Several others suggest that although businesses might be opening up their conversations to include the gay community, especially "beautiful gay men", they are still failing those who do not conform to the binary gender concept –when people adopt gender traits outside society’s typical expectations. A recent study conducted by Ana-Isabel Nölke, a doctoral researcher at the University of Edinburgh on the representation of sexualities in advertising from 2009 to 2014, notes there is a continuous strong gay male bias in ads and decreasing representation or ambiguous portrayal of lesbians. 

Asad Dhunna, an LGBT+ Muslim advocate, writer and a member of PrideAM, the ad industry’s LGBT+ leadership group, cites the Lloyds campaign as a case in point. "Many brands have got the ‘LG’ of LGBT+ right, but I cannot think of those that go beyond that, or even brands that get the representation of the lesbian community right," he says. Dhunna finds the Lloyds campaign somewhat contrived, with the couple embracing at the end. "It seems odd that a couple will hug and not kiss in that situation. I can just see the advertiser getting cold feet and deciding ‘Ooh, the same-sex couple can hug, maybe not kiss.’ The Tesco Valentine’s ad, however, feels much more natural."

Lloyds: 2016 ad campaign featured a same-sex couple’s marriage proposal

Beware of tokenism

There appears to be a consensus that businesses are often scared of failing to appeal to particular audience segments – especially when it comes to minority communities of any kind – because it may mean missing out on securing market share. 

The overturning of many anti- LGBT+ laws in the Western world has changed things, but the portrayal of LGBT+ people still seems to be a "checkbox" for brands, according to Joe Parker, an ad executive at customer experience agency Biglight.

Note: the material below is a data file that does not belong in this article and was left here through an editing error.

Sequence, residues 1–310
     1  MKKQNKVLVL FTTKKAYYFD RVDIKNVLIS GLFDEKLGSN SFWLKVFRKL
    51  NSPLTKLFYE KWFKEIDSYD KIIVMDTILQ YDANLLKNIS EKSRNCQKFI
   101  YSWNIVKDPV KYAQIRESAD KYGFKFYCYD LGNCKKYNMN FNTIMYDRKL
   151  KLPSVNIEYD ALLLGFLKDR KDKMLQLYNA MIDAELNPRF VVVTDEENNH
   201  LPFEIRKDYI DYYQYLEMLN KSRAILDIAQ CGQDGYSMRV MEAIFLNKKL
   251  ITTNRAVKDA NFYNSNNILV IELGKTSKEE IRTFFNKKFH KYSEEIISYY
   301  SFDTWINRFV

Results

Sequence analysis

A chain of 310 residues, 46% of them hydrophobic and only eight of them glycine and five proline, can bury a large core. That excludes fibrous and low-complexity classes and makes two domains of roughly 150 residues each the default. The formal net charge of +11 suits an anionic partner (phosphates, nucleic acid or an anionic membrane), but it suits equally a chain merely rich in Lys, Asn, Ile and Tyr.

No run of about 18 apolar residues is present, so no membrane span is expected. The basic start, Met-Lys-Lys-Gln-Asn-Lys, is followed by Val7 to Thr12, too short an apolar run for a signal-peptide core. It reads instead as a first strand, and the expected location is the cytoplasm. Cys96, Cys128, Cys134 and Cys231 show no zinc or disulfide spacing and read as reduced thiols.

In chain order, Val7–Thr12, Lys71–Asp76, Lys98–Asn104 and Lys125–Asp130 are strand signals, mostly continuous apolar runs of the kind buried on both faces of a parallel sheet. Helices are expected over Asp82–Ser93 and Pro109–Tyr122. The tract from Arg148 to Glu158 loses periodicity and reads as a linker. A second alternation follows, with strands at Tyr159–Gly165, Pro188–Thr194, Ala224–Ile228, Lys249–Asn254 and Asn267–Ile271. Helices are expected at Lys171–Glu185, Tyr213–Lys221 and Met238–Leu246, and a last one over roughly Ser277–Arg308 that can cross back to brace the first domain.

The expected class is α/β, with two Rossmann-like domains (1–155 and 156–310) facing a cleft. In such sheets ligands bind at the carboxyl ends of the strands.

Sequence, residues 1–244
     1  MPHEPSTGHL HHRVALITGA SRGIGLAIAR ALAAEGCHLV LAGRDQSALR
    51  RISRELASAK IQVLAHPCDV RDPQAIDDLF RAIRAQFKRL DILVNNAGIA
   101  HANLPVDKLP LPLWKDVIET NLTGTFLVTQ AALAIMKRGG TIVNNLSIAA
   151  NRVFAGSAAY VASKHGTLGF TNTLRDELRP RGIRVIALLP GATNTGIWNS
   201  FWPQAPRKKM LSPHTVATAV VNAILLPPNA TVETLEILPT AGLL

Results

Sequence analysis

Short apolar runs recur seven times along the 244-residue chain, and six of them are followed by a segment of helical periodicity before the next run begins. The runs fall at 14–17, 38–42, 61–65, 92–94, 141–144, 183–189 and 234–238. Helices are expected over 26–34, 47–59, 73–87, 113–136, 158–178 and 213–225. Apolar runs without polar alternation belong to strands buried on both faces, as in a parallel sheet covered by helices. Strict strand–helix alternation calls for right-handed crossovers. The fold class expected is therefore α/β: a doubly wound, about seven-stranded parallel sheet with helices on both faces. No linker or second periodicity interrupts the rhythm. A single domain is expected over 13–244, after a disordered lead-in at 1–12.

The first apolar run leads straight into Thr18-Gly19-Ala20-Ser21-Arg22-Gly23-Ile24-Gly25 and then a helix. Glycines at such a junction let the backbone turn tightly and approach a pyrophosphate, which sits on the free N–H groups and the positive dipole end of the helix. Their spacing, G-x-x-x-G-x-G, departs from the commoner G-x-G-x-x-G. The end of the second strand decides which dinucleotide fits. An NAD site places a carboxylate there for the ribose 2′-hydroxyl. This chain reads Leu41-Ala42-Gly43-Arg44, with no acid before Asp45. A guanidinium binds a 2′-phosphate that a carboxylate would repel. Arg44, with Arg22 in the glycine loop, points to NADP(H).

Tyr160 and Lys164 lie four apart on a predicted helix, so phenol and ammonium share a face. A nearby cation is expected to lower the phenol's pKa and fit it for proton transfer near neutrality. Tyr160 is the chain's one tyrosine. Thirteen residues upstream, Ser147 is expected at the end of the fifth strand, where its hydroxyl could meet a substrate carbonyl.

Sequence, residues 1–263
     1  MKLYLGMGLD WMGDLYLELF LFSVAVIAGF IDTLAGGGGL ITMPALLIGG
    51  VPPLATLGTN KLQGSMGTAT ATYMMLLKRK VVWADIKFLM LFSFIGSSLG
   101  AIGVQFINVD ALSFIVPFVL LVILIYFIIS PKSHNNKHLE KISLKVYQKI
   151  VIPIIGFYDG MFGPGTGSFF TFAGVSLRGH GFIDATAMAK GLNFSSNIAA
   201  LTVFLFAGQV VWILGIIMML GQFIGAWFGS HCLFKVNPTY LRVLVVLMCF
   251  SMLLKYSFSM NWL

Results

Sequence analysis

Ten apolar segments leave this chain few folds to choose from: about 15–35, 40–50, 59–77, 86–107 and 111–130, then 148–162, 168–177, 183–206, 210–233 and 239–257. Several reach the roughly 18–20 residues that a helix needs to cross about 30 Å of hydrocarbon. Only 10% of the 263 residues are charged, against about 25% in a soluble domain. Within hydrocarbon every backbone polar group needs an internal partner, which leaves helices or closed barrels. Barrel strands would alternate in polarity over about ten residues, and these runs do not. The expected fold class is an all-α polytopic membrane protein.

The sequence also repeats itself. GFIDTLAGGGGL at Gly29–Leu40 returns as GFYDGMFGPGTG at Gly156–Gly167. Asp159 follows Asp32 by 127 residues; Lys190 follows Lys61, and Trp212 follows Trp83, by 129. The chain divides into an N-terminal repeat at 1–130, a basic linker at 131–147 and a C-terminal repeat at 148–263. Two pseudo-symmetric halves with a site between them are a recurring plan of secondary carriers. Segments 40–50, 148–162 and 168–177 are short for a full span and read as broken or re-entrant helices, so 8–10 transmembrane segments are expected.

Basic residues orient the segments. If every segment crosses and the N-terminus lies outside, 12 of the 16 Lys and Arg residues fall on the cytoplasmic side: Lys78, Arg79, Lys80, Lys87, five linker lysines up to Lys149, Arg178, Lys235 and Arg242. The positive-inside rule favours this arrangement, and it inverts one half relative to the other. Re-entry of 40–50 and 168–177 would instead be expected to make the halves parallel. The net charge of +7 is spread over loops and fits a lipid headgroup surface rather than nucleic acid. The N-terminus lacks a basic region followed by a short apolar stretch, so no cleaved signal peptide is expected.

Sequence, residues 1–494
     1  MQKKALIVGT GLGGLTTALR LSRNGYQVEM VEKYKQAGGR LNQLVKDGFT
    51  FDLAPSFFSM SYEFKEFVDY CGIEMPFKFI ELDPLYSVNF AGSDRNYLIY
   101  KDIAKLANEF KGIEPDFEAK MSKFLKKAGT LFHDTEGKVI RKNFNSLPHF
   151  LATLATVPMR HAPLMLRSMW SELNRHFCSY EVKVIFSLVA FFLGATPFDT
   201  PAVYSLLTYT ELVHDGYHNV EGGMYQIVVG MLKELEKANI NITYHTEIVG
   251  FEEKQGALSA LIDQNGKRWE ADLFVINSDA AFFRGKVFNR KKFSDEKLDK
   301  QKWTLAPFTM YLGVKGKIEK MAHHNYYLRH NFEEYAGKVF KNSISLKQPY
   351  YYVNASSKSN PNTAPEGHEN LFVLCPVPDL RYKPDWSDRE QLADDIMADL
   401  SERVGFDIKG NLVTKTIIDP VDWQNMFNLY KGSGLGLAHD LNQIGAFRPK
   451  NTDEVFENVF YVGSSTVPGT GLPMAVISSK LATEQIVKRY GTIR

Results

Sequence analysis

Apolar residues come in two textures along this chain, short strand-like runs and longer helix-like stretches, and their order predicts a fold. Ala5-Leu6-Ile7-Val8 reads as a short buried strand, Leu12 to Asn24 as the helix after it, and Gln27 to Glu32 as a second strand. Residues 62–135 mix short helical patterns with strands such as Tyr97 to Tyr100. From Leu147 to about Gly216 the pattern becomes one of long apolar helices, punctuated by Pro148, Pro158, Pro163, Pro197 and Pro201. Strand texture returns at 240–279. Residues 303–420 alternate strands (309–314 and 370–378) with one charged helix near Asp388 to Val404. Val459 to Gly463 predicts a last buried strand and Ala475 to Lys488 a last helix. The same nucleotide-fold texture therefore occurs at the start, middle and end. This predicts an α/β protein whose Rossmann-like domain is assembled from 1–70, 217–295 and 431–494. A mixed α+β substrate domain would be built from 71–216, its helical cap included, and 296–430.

The imperative for the ad industry is to ensure that businesses trying to court new customers are not simply about exploiting "new and emerging markets", but that they really understand the experiences of those people, says Stephen Martincic, chief brand and marketing officer at Ascential, the parent company of the Cannes Lions. "There is a lot of ‘diversity’ talk around the LGBT+ communities, but is that happening to keep up with the times, or to effect actual change and celebrate inclusivity?" he asks.

Jonah Disend, founder and chief executive of brand consultancy Redscout, highlights another problem with media representation of LGBT+ people – their frequent portrayal in a heteronormative way. 

Heteronormativity in media is displayed as a cultural bias in favour of opposite-sex relationships and treats gender as binary – the idea that there is an either/or option of male or female, rather than a spectrum of gender identities. 

"There is no nuance or insight in how we are portrayed sometimes – it just feels like casting – oh, look, two men or two women, generally with adorable children," adds Disend. 

Amelia Priddis, brand strategist at Ogilvy & Mather London and Ogilvy Pride (Ogilvy Group’s LGBT+ and inclusive marketing network), acknowledges the issue and adds how "repulsed" she feels when she sees ads "doing [a] heteronormative gay family, with two perfect men in a perfect setting".  

However, according to a recent study from Ogilvy Pride (see box, right), as millennials continue to challenge the binary narrative, brands will need to understand these multi-dimensional conversations about gender and sexuality.